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Assembly Language Programming

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8
Software Interrupts
8.1. INTERRUPTS
Interrupts in reality are events that occurred outside the processor and the
processor must be informed about them. Interrupts are asynchronous and
unpredictable. Asynchronous means that the interrupts occur, independent
of the working of the processor, i.e. independent of the instruction currently
executing. Synchronous events are those that occur side by side with
another activity. Interrupts must be asynchronous as they are generated by
the external world which is unaware of the happenings inside the processor.
True interrupts that occur in real time are asynchronous with the execution.
Also it is unpredictable at which time an interrupt will come. The two
concepts  of  being  unpredictable  and  asynchronous  are  overlapping.
Unpredictable means the time at which an interrupt will come cannot be
predicted, while asynchronous means that the interrupt has nothing to do
with the currently executing instruction and the current state of the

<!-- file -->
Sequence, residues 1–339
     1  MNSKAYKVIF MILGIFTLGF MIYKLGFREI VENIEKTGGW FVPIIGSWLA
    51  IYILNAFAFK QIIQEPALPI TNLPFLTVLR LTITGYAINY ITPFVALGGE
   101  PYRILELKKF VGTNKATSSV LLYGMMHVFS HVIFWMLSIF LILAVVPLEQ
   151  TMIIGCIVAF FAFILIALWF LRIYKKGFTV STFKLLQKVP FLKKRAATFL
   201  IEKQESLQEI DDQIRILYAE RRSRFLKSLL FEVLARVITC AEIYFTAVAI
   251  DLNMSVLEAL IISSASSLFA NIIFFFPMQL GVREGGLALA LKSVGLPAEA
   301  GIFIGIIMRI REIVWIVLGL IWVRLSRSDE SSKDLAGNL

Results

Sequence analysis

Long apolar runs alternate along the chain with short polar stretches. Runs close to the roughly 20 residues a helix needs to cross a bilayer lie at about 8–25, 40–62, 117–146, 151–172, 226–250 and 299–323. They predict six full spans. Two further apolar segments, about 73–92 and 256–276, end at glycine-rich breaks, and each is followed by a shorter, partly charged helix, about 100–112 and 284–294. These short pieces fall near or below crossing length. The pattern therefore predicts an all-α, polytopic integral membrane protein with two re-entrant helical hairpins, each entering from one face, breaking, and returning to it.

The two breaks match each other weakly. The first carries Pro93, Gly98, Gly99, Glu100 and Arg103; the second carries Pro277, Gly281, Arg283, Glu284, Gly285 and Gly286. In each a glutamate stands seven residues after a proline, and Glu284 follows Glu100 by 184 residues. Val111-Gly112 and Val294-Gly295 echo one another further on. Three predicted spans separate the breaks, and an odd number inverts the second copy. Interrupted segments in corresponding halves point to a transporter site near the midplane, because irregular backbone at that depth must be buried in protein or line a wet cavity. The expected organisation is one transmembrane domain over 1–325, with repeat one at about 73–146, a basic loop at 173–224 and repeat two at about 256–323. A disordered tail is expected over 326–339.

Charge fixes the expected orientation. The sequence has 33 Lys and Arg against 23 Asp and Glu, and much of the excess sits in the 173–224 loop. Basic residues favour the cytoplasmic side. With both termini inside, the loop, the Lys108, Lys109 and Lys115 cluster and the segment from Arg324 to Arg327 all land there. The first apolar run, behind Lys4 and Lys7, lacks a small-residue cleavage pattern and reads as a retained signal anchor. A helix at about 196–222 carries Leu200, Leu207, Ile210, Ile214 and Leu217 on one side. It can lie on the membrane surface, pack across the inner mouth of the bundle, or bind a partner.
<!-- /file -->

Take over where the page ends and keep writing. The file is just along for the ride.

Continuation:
processor.
The 8088 processor divides interrupts into two classes. Software interrupts
and hardware interrupts. Hardware interrupts are the real interrupts
generated by the external world as discussed above. Software interrupts on
the contrary are not generated from outside the processor. They just provide
an extended far call mechanism. Far all allows us to jump anywhere in the
whole megabyte of memory. To return from the target we place both the
segment and offset on the stack. Software interrupts show a similar
behavior. It however pushes one more thing before both the segment and
offset and that is the FLAGS register. Just like the far call loads new values
in CS and IP, the interrupt call loads new values in CS, IP, and FLAGS.
Therefore the only way to retain the value of original FLAGS register is to
push and pop as part of interrupt call and return instructions. Pushing and
popping inside the routine will not work as the routine started with an
already tampered value.
The discussion of real time interrupts is deferred till the next chapter. They
play the critical part in control applications where external hardware must
be control and events and changes therein must be appropriately responded
by the processor. To generate an interrupt the INT instruction is used. The
routine that executes in response to an INT instruction is called the interrupt
service routine (ISR) or the interrupt handler. Taking example from real time
interrupts the routine to instruct an external hardware to close the valve of a